Publication - Consultation paper

Applications to provide NHS Pharmaceutical Services. A Consultation on the Control of Entry Arrangements and Dispensing GP Practices

Published: 12 Dec 2013
Part of:
Health and social care
ISBN:
9781784121594

A Consultation on the Control of Entry Arrangements and Dispensing GP Practices

43 page PDF

422.4 kB

43 page PDF

422.4 kB

Contents
Applications to provide NHS Pharmaceutical Services. A Consultation on the Control of Entry Arrangements and Dispensing GP Practices
CONSULTATION PROPOSALS PART 1

43 page PDF

422.4 kB

CONSULTATION PROPOSALS PART 1

CONTROL OF ENTRY (PHARMACY APPLICATIONS) AND DISPENSING GP PRACTICES

The stability of NHS services in remote, rural and island areas

1. The Scottish Government recognises the vital role that dispensing GP practices play in the dispensing and supply of medicines to patients in remote, rural and island communities. It is committed to ensuring that where patients have serious difficulty in obtaining (from a pharmacist) any drugs, medicines or appliances, required for their treatment that the dispensing GP practice will continue to fulfil this vital role.

2. The Scottish Government notes concerns that sometimes the impact of opening a community pharmacy in some rural communities could potentially impact on other NHS provided services or destabilise the overall disposition of NHS primary medical and pharmaceutical services. It is also aware of concerns about the impact on the viability of the dispensing GP practice and the staff it employs.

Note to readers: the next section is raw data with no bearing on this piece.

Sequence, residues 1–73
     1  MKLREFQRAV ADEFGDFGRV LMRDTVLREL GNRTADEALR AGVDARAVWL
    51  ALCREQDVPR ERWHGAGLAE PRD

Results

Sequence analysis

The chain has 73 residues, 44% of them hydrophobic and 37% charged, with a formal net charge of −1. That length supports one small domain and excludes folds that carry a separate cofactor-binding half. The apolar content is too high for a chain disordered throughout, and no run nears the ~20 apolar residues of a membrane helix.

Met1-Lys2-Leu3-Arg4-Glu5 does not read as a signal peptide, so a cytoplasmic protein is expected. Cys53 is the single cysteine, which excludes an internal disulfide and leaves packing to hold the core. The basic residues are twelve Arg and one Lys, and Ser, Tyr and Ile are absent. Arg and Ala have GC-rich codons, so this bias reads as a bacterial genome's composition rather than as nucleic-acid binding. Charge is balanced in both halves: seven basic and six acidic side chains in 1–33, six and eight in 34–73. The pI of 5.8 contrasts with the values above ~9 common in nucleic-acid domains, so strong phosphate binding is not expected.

3. Whilst the income GP practices receive for dispensing is not intended to subsidise the delivery of primary medical services, the Scottish Government considers that in the circumstances it is reasonable that a degree of stability be provided for dispensing practices whilst the way ahead in the context of Prescription for Excellence is developed.

Areas of a 'prescribed description' and 'prescribed criteria'

4. Therefore, based on existing powers under Section 27(4)(d) of the NHS (Scotland) Act 1978, the Scottish Government proposes amending legislation that will introduce the designation of 'controlled remote, rural and island localities' for the purposes of considering pharmacy applications. These are areas that would be deemed by NHS Boards as rural in character taking account of the Scottish Government's Urban/Rural Classifications such as "remote small towns", "accessible rural", "remote rural", "very remote small towns" and "very remote rural"[13]. These areas will usually have one or more dispensing GP practices and branch surgeries within the locality.

5. In a 'controlled remote, rural and island locality' the NHS Board Pharmacy Practices Committee (the PPC), in addition to the test of 'necessary or desirable' (the adequacy test), will need to consider whether the application to open a pharmacy in the locality would adversely impact on the provision of existing NHS services in the locality. This would be known as the 'Prejudice Test'.

6. In general, this means that nothing must be done which would compromise the ability of people to access existing NHS pharmaceutical services, dispensing services or primary medical services. Prejudice arises where the pharmaceutical services or primary medical services that people can rightly expect to be provided by the NHS would, in some respect, cease or otherwise be curtailed or withdrawn without the replacement of those services potentially affected.